Some 80,000 families, several of them Catholics, are on a warpath against plans to acquire their lands for expansion of Mumbai airport saying the move would displace them and adversely affect their livelihood.
Residents want to be rehabilitated under the National Rehabilitation and Resettlement Policy 2007 (NRRP), which protects the interests of displaced people whose livelihood is adversely affected by land acquisition.
Most vociferous among the 80,000 families are 7,000 original property-owning inhabitants, with 400 families belonging to the East Indian community, the local Christians.
“We are not encroachers,” emphasizes Nicholas Almeida, ex-municipal corporator and now a leader of the protest, reported Gulfnews.com
“We did not come from outside to set up hutments here. We are sons of the soil living on ancestral property but we have been ignored all along,” he said.
The East Indian community was first recognised in 1896 when they, converted to Christianity by the Portuguese 400 years ago, did not wish the British colonial government to confuse them with Goans, Mangaloreans and other Christian settlers in the region.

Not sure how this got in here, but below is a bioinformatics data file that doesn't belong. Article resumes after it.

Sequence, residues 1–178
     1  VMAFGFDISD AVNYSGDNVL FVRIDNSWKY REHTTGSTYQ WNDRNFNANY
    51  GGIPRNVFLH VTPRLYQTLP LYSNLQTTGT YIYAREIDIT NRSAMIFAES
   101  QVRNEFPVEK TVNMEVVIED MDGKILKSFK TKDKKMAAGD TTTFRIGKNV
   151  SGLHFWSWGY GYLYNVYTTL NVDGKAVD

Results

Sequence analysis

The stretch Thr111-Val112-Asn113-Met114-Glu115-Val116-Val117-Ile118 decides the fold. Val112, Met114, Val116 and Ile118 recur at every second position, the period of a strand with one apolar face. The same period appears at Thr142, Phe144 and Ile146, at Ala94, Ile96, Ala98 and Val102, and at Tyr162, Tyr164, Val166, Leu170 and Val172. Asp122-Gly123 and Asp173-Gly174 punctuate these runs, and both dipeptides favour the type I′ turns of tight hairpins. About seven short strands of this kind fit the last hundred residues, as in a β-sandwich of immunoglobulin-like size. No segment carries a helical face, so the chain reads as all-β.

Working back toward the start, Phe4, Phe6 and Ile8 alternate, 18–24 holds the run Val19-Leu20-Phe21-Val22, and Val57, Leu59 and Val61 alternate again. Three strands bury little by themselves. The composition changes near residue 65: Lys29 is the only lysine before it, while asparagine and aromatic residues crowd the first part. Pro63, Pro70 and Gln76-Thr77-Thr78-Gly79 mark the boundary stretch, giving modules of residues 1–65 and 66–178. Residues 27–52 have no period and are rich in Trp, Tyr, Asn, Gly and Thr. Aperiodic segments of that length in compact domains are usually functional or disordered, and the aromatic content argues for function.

They decided to call themselves East Indians so as to impress upon the British they were the earliest local Christians and should therefore be given preference in employment.
East Indians in Sahar village were mainly engaged in agriculture and had to give up their land when the British government decided to build an airport here during the Second World War.
“We readily gave up the land but got no compensation,” said Alan Boothello, 70, who once owned chunks of land here.
Another East Indian, Melville Gonsalves, they oppose the acquisition because unlike during the war time, this time the land is taken merely for commercial purposes to build luxury hotels by private parties.
Father Alwyn D’Souza of Sahar’s Our Lady of Health Church assists them. “We are advising residents not to repair, buy or sell their properties and keep all their documents in order. Many say they have been hearing of acquisition since the 1940s. But we tell them that this time it is real.”